Which Arizona Athlete Fits The Craig Bond Movies Best?

The Daniel Craig Bond Era is officially over. 

This edition of 007 is holstering up his martini glass and hanging up the keys to his Aston Martin after five films. While this interation of Bond showed more emotion, more grit and focused on the man behind the number from Casino Royale to No Time to Die, each film had its own flavor. 

That got me thinking, which Arizona athlete fits the mold of each Craig movie? I pondered this over a shaken – not stirred – Diet Coke, waited a bit for spoiler season to die down a bit and focused on the mission at hand:

Casino Royale – Deandre Ayton

Craig’s first Bond film showed us a different side of 007. He was raw. He hadn’t transformed into the unflappable, borderline robotic secret agent his predecessors had displayed. Much like Ayton, who built upon his defensive prowess and more consistent focus in last year’s playoff run, we got to see Bond discover his hallmark accessories that made him, well, him.

He made mistakes, but he was effective. He learned on the job and completed his mission, but ultimately did not get the long-term life he wanted (at least yet). Suns fans are hopeful Ayton’s max contract doesn’t turn into his Vesper Lynd.

Quantum Of Solace – Kyler Murray

The sophmore film of the Craig era is fast. From the opening car chase, Quantum kicks off at a break-neck pace where Bond is seemingly cornered multiple times by his pursuers, only to narrowly wiggle his way out to buy more time. Sound like a certain quarterback we all know?


It doesn’t matter if it’s in a car, along a rooftop or on a boat, speed is the main theme of this iteration of Bond and the Cardinals. 

007 also has a few “How did he do that?” moments like flying a plane into a sinkhole. That question gets asked of Murray about once a quarter.

Much like the Cardinals offense under Murray, the end of Quantum of Solace is explosive. Seriously, who thought a gasoline-powered hotel and gunfire would be a good idea?

Skyfall – Adrian Wilson

The best Craig Bond movie in my humble (and correct) opinion mixes power and polish. Craig’s character barrels through a train in the opening scene, rips off the tail of a car only to check his cufflinks after jumping aboard. 

Skyfall is one-part action movie, one-part mystery thriller, one-part prodigal son tale. It was a reinvention to the James Bond character, much like Adrian Wilson’s reinvention to the safety position.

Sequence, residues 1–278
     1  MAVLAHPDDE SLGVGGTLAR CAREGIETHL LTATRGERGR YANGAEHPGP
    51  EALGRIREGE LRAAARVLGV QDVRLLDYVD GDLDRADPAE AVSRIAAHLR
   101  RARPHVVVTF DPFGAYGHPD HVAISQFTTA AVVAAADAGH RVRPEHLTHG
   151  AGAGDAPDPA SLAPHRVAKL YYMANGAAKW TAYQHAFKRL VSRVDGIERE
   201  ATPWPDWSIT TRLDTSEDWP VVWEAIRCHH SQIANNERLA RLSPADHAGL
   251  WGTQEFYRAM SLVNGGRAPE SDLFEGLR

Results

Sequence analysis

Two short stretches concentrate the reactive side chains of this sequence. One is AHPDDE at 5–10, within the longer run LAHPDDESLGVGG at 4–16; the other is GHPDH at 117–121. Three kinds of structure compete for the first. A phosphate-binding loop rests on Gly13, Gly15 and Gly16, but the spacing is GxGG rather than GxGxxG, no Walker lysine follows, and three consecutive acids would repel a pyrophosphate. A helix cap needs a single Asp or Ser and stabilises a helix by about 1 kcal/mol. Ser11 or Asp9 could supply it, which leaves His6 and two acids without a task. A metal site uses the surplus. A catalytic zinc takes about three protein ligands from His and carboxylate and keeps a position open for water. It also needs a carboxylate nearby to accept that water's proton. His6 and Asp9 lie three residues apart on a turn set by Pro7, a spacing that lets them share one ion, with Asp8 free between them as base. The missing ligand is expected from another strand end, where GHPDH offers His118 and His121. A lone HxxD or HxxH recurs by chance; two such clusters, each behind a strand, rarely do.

When A-Dub’s playing career was all said and done, he was only one of six players in NFL history to tally at least 25 sacks (power) and 25 interceptions (polish) in his career. 

Much like how Wilson’s career looks better the further we are removed from it, Skyfall holds up even more as one of the best Bond films ever. 

Spectre – Max Scherzer

Critics of Max Scherzer early in his career say he was reckless. His violent pitching motion would never hold up over the years. 

You want reckless? In Spectre, James Bond has a helicopter fight above a massive crowd with no regard for the public or their parade. 

The rest of Spectre is all about Bond having to face his past. The villian of the film, Bloefeld played by Christoph Waltz, gives constant reminders of allies and love interests who died at Bonds’ hands. He tells Bond he is “the author of all your pain.”

Sounds like Diamondback fans when they see Scherzer, the eight-time All-Star and three-time Cy Young winner who has had a plenty healthy career, take the mound and pitch in significant games for teams that aren’t in Arizona. 

That pain is also a frequent reckoning now that Scherzer resides in the National League West. 

No Time to Die – Larry Fitzgerald

The final Craig-Bond film is a bit of a greatest hits catalouge. What do you think when you think of James Bond?

Picturesque backdrops for immersive fight scenes. 


Worldwide safety implications.


Unlikely duos with sharp repartee. 

Check. Check.

A twist or two or three.

Check. Check. Check.

Even as each Bond has put his fingerprints on the role, you’ll still have just about every movie hit those marks. No Time to Die leans into them hard, for better or for worse.

It’s a consistency that is seldom matched. 

But 18 years putting on one uniform and delivering at a high level, no matter the odds (or quarterback) is the same level of dependability Fitz brought to the field that Bond brought to the screen. 


Plus, Fitz’s door on playing is all but closed, but not completely shut without a retirement announcement. Without getting into spoilers, the post-credit slate states “James Bond will return.” 

We’ll have to wait to see what’s next for Fitz – and Bond – in their next chapters.

Have your own pairings for these films? Make sure to tag @Sports360AZ on Twitter to let us know.